The Dead Father is a gargantuan half-dead, half-alive, part mechanical, wise, vain, powerful being who still has hopes for himself - even while he is being dragged by means of a cable toward a mysterious goal.
In this extraordinary novel, marked by the imaginative use of language that influenced a generation of fiction writers, Donald Barthelme offered a glimpse into his fictional universe.
As an added bonus, when you purchase our Audible Modern Vanguard production of Donald Barthelme's book, you'll also receive an exclusive Jim Atlas interview. This interview – where James Atlas interviews Tracy Daugherty about the life and work of Donald Barthelme – begins as soon as the audiobook ends.
It's no easy task to bring to life the words of one of the most celebrated post-modern fiction writers who influenced a generation of novelists. When the focus of a story is on wordplay and sentence fragments as it is in Donald Barthleme's best work - including this short novel The Dead Father - it's all too easy for the genius to be lost in narration. But Dennis Holland rises to the challenge and succeeds. His technique? A matter-of-fact cadence, with a bit of playfulness that softly highlights the absurd. It's this hint of wonder in his voice that lands his aural rendering somewhere between a dedicated teacher reading aloud from a manual and the narrator of the Dr. Seuss movie classic How the Grinch Stole Christmas.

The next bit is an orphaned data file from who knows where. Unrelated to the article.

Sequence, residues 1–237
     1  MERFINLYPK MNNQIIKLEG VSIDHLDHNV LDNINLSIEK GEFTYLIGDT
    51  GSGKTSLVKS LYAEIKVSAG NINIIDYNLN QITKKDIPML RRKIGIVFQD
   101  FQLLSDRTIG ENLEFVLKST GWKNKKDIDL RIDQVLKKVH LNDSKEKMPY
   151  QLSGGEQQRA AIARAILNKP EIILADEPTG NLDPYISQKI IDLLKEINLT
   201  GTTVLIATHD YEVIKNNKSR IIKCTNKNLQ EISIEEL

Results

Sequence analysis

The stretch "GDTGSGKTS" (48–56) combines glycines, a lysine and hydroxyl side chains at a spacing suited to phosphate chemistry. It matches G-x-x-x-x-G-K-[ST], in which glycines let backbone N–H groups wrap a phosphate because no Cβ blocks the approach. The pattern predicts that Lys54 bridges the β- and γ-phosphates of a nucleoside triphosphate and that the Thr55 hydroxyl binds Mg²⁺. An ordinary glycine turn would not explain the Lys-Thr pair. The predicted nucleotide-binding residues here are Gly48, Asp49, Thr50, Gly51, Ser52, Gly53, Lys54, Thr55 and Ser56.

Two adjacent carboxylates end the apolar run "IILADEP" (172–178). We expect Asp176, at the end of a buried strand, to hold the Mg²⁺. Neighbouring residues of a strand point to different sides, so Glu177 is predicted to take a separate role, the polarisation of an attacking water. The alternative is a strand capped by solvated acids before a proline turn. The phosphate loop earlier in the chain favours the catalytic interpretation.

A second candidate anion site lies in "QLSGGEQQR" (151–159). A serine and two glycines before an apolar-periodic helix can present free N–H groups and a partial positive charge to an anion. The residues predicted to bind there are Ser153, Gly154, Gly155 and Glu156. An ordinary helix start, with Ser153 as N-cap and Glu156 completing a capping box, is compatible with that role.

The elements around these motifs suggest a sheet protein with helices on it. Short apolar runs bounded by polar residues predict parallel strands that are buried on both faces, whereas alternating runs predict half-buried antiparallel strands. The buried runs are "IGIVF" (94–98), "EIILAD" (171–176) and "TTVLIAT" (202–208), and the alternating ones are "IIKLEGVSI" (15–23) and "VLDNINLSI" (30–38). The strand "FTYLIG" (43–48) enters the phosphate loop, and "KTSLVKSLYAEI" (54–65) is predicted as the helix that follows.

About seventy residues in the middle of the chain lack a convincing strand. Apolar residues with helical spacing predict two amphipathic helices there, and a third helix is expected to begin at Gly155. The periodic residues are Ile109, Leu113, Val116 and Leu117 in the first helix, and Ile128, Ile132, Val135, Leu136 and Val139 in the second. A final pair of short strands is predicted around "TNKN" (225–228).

The Dead Father offers a world so absurd, that the absurdity is normal. The title character is a mostly-conscious, part-machine being who, though he speaks and acts and reasons, is, apparently, dead, and on one last journey. Fragments and simple sentences move the book along; everything is at once related and unrelated, as in this passage: "They continue to hold hands. And the Dead Father also gropes a bare foot with the hand that is not holding hands. Julie retracts foot. Thomas smokes. Events in the sky. Star falls, scattering in the dark part. Clouds moving implacably left to right. Offstage, toward the wings. Thomas smoking." And though the words alone may seem devoid of emotion, the novel ends in a heartbreaking scene - emotional because of the words and the events, but also because of the gentle narration that both pushes the narrative and floats along with its tide. Holland's performance of The Dead Father offers both an excellent introduction to a fiction master's work, and a fresh perspective for Barthleme devotees. - Kelly Marages
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